Celebrating school music services

Last evening I attended the Oxfordshire Music Service annual end of year concert. The setting was the lovely one of Dorchester Abbey, although the pews do seem rather harder than a few years ago. Music has played a large part in the post-war education scene. This is despite successive governments from the 1980s onwards often seeing it as a dispensable extra activity. The fact that this was the 75th year the Oxfordshire Music Service has been in operation and it is now working at arm’s length from the local authority is a tribute to all who care about what this type of service can bring to the life of our young people.

Earlier in the afternoon I had been reading the latest briefing note on school funding from the Education Policy Institute. David Laws, the former Schools Minister and sometime Lib Dem MP makes no secret that he doesn’t believe in local democratically elected councils having a role in education funding. The briefing note laments that there was no legislative proposal in the Queen’s Speech to allow a ‘hard’ national funding formula. However, the EPI note suggests that the DfE could still significantly reduce the role of local authorities by the use of secondary legislation.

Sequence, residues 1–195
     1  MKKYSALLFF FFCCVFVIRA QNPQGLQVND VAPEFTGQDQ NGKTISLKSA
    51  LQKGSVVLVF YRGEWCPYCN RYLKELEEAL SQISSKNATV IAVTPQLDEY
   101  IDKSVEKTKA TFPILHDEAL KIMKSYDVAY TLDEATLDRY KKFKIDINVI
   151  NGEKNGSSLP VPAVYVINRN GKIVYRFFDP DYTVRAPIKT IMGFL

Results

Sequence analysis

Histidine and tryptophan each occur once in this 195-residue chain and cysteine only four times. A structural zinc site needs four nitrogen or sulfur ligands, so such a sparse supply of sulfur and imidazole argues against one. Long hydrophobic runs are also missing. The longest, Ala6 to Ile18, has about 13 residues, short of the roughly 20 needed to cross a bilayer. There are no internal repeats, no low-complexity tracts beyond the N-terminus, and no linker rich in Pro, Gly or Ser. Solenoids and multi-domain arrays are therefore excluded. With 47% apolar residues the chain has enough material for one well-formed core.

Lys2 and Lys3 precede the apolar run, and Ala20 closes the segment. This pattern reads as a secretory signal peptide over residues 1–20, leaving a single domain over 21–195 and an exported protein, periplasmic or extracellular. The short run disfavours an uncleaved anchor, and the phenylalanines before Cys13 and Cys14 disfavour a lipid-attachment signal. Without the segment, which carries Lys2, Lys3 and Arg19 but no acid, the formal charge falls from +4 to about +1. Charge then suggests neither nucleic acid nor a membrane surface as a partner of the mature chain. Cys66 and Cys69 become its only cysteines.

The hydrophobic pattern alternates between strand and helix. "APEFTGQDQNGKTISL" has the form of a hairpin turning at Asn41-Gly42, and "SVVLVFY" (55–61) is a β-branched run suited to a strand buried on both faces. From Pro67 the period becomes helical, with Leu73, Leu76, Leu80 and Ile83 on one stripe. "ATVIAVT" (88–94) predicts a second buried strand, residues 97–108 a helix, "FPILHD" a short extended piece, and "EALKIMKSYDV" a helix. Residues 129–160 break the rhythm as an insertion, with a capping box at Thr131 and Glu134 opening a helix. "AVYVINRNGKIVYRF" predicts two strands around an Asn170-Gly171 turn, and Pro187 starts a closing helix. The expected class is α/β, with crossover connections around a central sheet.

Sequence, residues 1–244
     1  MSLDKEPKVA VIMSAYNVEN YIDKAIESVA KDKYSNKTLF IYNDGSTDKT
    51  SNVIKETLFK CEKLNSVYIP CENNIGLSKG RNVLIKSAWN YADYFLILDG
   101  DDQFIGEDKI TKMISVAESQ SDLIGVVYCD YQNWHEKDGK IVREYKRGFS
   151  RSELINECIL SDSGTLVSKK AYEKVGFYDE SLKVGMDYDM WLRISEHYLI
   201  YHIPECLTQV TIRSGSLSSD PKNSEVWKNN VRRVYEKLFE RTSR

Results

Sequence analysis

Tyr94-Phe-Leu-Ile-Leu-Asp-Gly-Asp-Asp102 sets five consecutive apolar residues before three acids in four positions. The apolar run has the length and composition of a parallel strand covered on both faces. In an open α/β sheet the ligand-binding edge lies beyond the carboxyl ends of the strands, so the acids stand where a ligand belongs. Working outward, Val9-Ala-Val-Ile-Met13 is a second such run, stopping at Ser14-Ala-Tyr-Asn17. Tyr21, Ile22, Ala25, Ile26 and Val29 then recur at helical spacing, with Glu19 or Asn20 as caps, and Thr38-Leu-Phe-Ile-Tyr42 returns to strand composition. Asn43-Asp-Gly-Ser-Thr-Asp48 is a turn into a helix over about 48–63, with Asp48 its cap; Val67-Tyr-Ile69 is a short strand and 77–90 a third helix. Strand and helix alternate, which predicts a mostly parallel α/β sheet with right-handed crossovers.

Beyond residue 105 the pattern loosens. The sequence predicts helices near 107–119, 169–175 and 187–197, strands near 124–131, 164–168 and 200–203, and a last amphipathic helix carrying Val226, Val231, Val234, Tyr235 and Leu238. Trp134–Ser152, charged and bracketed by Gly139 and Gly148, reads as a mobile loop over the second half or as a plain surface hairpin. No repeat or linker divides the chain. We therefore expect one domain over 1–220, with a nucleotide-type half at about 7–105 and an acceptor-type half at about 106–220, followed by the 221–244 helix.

Now, regular readers will knows that both as a councillor and philosophically I believe locally democratically elected councils have an important role to play in education. I am not opposed to a national funding formula, but it throws up interesting issues if implemented as a ’hard’ national formula. An academy in the North West is to close as it is uneconomic and in deficit. The Multi Academy Trust will hand the lease back to the council that owns the freehold. All well and good, but the school was built by a PFI deal and those payments will presumably continue whether it operates as a school or not. Who should bear the cost, the local council taxpayers or the government? At present, it will be the local taxpayers, probably without any ability to recoup the costs, just as they cannot for additional transport costs that could result from a school closure. Would the government keep activities such as school music services going or be content to just leave them to market forces? I wonder.